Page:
#include <util/delay.h>
#include <avr/interrupt.h>

#define HPERIOD 0.01524
#define RATIO 0.4
#define NPULSES 16

#define LEDOFF 0b00000001
#define LEDON  0b00010111

int main(void)
	uint8_t i;

	DDRB  = 0b00010110; // pin PB0 is input, pins PB1-PB4 are output
	PORTB = 0b00000001; // pull-up for input pin PB0
	asm volatile ("nop");
	asm volatile ("nop");

	if ( PINB & (1<<PINB0) ) 


		_delay_ms(7.33); // instant


		_delay_ms(5.36); // delayed





The C source code and the hex-file for the simplified version can be downloaded here

C source code canon_remote.c
hex file canon_remote.hex


I used PonyProg to copy the hex-file into the controller and set the fuses. The fuse settings can be copied from this screenshot


By the way, most digital cameras are sensitive to infrared light in the preview mode, so you can see IR-diodes blinking on the display. This might be helpful for basic debugging of the remote control circuit.


Your RC-1 clone doesn't work?

  • Check, if any signal is present at the IR LED pins. Use a loudspeaker if no scope at hand.
  • In case you can't hear anything probably the programming went wrong or the clock source is not correct in the AVR.
  • If the signal is audible, use a video camera or a simple digital camera (mobile phone?) to check the IR signal. Cheap photo equipment is usually sensitive to IR light. In total darkness you can usually see IR LEDs glowing with the naked eye. Do not look directly into the beam! Is the polarity of the IR LED ok? An IR LED and an IR photodiode are two different things.
  • In case the IR light is visible and the camera not responding: Check camera settings, the remote/self-timer option must be on! If ok, check the program timing. The _delay_us() routines in the code need a proper setting of the F_CPU variable. A sound card can be used instead of a scope to analyse the signal. Check the max input voltage before!

Canon RC-1 IR remote control reverse-engineered
Attiny25 data sheet
PonyProg, my favourite AVR programming tool
A similar AVR based project for Nikon cameras

Comments (8)

Thanks dude. I was stucked with photo-transistor seeing only 2 pulses (not bursts) and wasted a day to figure out. Thanks to you now I'm going ahead with my timelapse machinery :)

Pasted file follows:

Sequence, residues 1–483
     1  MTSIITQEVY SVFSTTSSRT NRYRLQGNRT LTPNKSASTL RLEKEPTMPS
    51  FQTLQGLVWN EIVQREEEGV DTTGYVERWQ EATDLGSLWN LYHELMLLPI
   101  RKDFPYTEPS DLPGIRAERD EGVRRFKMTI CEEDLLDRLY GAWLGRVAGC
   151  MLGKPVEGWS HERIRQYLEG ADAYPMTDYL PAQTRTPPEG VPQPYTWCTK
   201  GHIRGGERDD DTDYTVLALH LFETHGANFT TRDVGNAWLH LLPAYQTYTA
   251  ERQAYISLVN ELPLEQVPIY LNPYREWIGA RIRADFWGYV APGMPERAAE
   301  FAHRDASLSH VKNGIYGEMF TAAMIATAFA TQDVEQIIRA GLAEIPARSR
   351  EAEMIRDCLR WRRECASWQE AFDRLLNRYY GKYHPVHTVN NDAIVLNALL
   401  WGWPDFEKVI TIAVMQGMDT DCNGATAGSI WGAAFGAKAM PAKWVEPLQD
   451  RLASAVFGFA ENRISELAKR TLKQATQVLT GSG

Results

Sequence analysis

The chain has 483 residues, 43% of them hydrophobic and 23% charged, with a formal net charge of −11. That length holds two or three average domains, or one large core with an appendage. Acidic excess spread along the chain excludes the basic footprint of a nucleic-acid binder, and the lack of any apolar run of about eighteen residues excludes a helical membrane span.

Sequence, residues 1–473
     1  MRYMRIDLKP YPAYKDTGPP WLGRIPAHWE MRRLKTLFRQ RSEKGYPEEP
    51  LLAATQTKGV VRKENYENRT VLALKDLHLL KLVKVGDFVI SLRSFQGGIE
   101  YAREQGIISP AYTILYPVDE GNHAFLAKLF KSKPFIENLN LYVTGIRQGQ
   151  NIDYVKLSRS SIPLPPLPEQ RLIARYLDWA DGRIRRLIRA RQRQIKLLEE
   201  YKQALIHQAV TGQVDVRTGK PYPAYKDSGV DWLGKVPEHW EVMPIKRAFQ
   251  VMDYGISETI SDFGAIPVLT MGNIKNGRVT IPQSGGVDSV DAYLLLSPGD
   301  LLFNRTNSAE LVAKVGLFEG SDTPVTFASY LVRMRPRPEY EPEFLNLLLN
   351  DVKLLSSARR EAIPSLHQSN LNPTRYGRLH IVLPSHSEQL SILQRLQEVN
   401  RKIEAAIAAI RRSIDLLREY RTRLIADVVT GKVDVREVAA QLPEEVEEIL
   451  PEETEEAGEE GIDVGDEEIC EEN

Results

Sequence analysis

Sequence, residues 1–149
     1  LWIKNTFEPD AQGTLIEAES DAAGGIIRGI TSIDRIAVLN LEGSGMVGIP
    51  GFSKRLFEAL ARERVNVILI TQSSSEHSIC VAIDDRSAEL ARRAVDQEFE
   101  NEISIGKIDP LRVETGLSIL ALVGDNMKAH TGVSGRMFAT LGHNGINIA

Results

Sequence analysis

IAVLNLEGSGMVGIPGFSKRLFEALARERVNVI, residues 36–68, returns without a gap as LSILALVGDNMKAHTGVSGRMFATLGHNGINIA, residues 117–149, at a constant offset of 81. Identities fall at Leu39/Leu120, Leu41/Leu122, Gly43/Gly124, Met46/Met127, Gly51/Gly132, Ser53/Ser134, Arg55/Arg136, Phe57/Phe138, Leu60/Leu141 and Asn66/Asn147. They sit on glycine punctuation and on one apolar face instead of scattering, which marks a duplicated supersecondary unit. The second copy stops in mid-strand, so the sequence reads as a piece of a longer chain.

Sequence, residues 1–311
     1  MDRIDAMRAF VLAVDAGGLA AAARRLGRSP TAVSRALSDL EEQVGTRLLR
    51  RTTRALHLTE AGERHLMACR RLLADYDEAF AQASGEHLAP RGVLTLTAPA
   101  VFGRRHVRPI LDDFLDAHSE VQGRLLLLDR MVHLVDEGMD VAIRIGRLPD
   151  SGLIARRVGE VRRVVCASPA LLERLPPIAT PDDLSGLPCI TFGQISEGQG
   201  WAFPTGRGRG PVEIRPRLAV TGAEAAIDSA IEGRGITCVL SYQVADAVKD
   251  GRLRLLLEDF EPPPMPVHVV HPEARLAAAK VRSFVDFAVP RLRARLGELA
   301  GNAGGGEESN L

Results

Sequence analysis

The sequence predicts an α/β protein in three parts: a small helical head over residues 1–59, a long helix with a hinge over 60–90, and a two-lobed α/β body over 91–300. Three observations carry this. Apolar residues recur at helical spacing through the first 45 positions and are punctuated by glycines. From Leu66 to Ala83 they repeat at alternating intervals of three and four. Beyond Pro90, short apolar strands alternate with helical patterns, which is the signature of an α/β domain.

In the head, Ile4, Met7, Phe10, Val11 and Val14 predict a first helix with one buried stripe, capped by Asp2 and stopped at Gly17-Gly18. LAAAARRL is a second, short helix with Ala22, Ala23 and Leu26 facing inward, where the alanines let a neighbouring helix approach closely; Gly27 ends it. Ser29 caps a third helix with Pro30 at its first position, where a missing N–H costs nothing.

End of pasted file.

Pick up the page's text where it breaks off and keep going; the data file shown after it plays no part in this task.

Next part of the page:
#8 - wikrap1 - 08/14/2016 - 21:34
I guess the remote control will also work with the caps behind the switch. In this case you will allways loose the energy stored in the caps after disconnecting them due to the uC standby current. I didn't estimate whether the loss is bigger than in case of the caps constantly connected. In both version the batteries should hold for many years.
#7 - luk - 11/30/2009 - 10:43
Simple version
The hex file and the source code are for the simple version. In the initial version I used a crystal to get an exact clock. I modifed the text in a few places to clarify what is what.

#6 - luk - 11/27/2009 - 11:15
I need asm code for ATtiny 13
I need asm code for ATtiny13.
#5 - compo - 11/20/2009 - 23:51
Hello all,

Very nice and useful project, I mostly use PIC, can somebody send the hex code for it please.

Thankx in advance.

#4 - Tomas - 09/30/2009 - 09:23
I recently built my own simplified version with Attiny45 and would make the following suggestions:

- Modern tinyAVR's can run on a single 3V supply (up to 10MHz) and thus one CR2032 suffices and then the freq can be set to exactly 8MHz
- I use a while(1) loop within main() to perform several trigger attempts with 100ms delays, should one of them fail.
- The buffer cap can be eliminated, according to my experiences, the CR2032 can provide enough power.

My version consists of only a battery, switches, Attiny45, and a led with a resistor.
#3 - szali - 06/12/2009 - 11:51

If you have the source code for PIC, pls send to me via email:

This is a great project.

Thanks all.
#2 - falleaf - 11/10/2008 - 08:58
Great job! Thanks a lot. I tried 940nm diode and it worked as well.
I can also offer asm code for PIC 16F628A if anybody is interested.
#1 - Climebrg - 10/27/2008 - 17:18